Surfacing

It has been a while since I have blogged or
posted. Partly because of a nasty flu right after our event in April, partly because my other work as a set still photographer has kept me busy, and also because of a little but of burnout! I think it is important to say that we all need breaks from certain things that are demanding of us, sometimes the most important thing is to do nothing at all! Oh, and also, I am moving!

But last night felt like I was getting back, returning to business as normal, resurfacing for that breath of fresh air! A great night with my C4C”wing-girls” Thea Grivakes and Gillian Harrow! First, a meet and greet with some amazing folks from The Compassionate Eye Foundation, Robert Brown , Susan McDonald, Rob Daley and Sue Dick! Then on to Dignity Vancouver 2012, an event in support of The Acumen Fund for Global Poverty, at Vancouver Urban Winery.

Getting back into the swing of Cameras4Change business confirmed that
It is easy to become overwhelmed in our world, and reminds me of people I have met working in field, very much over whelmed by the extreme poverty and life issues they have to face every day. It can mask any bit of joy or hope inside of you. It takes alot of effort to rise through that. The images and photos up for auction last night were a testament to lives living this way, very powerful and truthfully beautiful! It gives me hope to know so many of us want to see transformation, and that photography truly has the capacity to assist in change!

TAKE A RISK!

 I have definitely thought about it, the risk that I have put myself in when I work in field with some of my partners.  There have been occasions when I felt I was in danger, like putting a plan into place about how to deal with abduction, like the time we were robbed in Haiti, which sounds worse than it actually was, or the time I was being dangled over a 3 foot wide 50 foot  deep hole in the ground in Kenya by a very inebriated man.  Point being, I was putting myself into situations that were potentially putting me at risk.  The upside of that was the experience I had, giving me a better understanding, the people I connected with, and my connection to the world.  Beats staying home and watching tv!

So now here I am, the creator (along with some very dedicated people) of a non-profit, ready to put more endless hours of planning and creating a program overseas in Kenya for girls affected by fgm.  This is going to require many more hours of making plans, creating budgets, more meetings, planning travel, creating schedules,  more asking, more redefining plans, taking time from our families homes, and jobs.  Cameras4Change is not just a thought or a dream anymore, it is a full blown reality, a full time job that takes up a lot of space in my heart, head and life.  We all took risks putting the event together, would people come? Would they buy tickets?  Would they stay and participate in the silent auction? Would we run a great event that people will come back to next year? We believed in it, we got others excited, we got corporate sponsors excited about us, we got everyone willing to participate, donate time, services and money so that we can go forward and take even more risks.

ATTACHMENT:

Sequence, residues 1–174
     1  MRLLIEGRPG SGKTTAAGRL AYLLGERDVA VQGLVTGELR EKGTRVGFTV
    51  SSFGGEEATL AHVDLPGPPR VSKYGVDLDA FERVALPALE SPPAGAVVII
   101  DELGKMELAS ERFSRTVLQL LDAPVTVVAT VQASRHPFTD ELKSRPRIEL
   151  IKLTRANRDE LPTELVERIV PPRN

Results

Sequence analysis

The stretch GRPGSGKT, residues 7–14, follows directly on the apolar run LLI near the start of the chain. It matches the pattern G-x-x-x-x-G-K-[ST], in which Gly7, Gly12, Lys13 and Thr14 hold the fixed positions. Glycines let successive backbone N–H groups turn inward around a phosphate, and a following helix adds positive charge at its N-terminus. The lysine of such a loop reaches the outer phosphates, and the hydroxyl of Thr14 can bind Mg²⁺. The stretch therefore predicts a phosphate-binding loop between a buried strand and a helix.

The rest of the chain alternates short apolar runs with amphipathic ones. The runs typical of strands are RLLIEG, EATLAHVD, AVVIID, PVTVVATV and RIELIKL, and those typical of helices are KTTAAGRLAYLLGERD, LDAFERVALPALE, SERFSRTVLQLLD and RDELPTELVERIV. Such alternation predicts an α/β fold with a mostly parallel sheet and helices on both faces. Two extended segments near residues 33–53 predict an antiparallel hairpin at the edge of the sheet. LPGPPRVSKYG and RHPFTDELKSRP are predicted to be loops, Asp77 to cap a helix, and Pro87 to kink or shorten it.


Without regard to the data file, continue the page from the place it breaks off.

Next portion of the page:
Every step of the way was a risk, but one that we were all crazy enough to believe in, one that we visualized and made happen.  Sure we spent countless moments of nail biting, and many sleepless hours of anxiety too, but we just kept on doing it anyway. We ignored the nagging voices in the back of our minds, the ones that we would never make a move with if we actually listened to.  I know it will be the same going forward, running a project will take huge tenacity, we will have to take many risks, albeit calculated, as we forge forward.  We are doing it because it is the right thing to do, and in life there is no such thing as “risk free”.  Every breath we take is a risk, every time we walk out the door, get in a car, fly in a plane, there is nothing that is certain except uncertainty.  We will learn more about ourselves, others, and, our world. We will feel better that we are active, that we are participating, that we are alive, that we are breathing and that we are living, really living.  That is life friends, take a risk, I’m telling you it beats watching tv.

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 In Haiti there was a healthy respect for the potential risks, we were told point blank before we arrived.  It is interesting to note however, that the largest cause of deaths among humanitarian and aid workers is traffic accidents.  In the short video below from India where it is common to enter highways and have to travel a good distance on the wrong side of the road…you’ll see what I mean!  I was in the car with @calamityjones’ Melanie Jones!

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Watch on Posterous

You will note a stunned silence, that is Melanie and I speechless after a near death experience!  Then my saying “good idea Ravi” when he returns to the correct side of the road.